À l’intérieur

A stylish and gory film, with some very effective moments of horror, A L’intérieur creeps inside your brains and stays with you for days. The woman-attacked-in-a-home trope is elevated here with a pregnant protagonist, chased by a female assailant intent on causing as much ruckuss as possible. For those averse to sheer bloodsport, this certainly […]

Surfwise

Not your everyday documentary about a family of Mexican/American Jewish surfing prodigies, their Stanford Educated doctor father who gives up his practice to raise his family on the beach in a used campervan. Yet another doc at this years fest that goes well beyond the expected scope, remaining compelling throughout its running time once the […]

Nothing is Private

Alan Ball had made a career out of lifting the covers on suburban normalcy to find a far more dark, more menacing core that’s hidden by the façade of manicured lawns and wide streets. This film takes him down a starker path than even his celebrated American Beauty, as a tale of Lolita-like lust, xenophobia, […]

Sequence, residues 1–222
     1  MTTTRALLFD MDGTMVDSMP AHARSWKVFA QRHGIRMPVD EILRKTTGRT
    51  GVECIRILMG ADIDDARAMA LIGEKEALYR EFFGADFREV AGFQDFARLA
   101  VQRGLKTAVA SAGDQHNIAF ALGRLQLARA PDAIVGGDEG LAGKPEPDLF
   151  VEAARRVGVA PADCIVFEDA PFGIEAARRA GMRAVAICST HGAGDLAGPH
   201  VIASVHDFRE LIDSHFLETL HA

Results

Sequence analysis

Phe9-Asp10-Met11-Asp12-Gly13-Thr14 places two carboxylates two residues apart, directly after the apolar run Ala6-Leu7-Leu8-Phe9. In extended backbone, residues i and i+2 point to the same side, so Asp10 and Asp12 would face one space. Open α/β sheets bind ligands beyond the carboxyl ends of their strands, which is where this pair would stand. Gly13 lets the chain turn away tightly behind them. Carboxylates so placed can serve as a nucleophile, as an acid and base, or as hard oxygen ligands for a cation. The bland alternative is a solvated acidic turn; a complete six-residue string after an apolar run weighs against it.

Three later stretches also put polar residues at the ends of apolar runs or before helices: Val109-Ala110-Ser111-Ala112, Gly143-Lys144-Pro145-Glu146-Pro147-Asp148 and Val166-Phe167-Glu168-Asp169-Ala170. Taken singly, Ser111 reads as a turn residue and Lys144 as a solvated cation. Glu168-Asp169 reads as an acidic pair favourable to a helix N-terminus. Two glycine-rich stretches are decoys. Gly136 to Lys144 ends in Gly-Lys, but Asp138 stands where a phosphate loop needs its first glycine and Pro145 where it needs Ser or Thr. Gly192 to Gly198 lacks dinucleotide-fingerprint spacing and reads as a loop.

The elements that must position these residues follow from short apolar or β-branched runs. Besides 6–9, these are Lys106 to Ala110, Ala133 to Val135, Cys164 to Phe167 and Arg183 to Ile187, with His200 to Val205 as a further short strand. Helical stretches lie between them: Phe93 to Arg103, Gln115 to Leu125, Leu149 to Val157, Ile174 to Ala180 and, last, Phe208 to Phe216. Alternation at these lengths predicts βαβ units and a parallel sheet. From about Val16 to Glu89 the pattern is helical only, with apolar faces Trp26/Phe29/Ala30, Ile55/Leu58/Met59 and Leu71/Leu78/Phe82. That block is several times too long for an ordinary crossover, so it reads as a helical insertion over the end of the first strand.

Amazing Journey: The Story of the Who

This rock-doc presupposes one thing right off the bat, that you’ve seen the previous definitive Who documentary, The Kids are Alright, so you have a general familiarity with the band and their antics. From this point it carves out its space as one of the more effective music documentaries in some time, a fine tale […]

Dainipponjin

A surreal, unique monster film, a Man Bites Hulk mockumentary about a hapless individual who is called upon by his nation to be electrocuted on a regular basis. This process causes him to become a giant, fated to fight the enormous monsters that plague Japan, following in the giant footsteps of his father and grandfather. […]

Weirdsville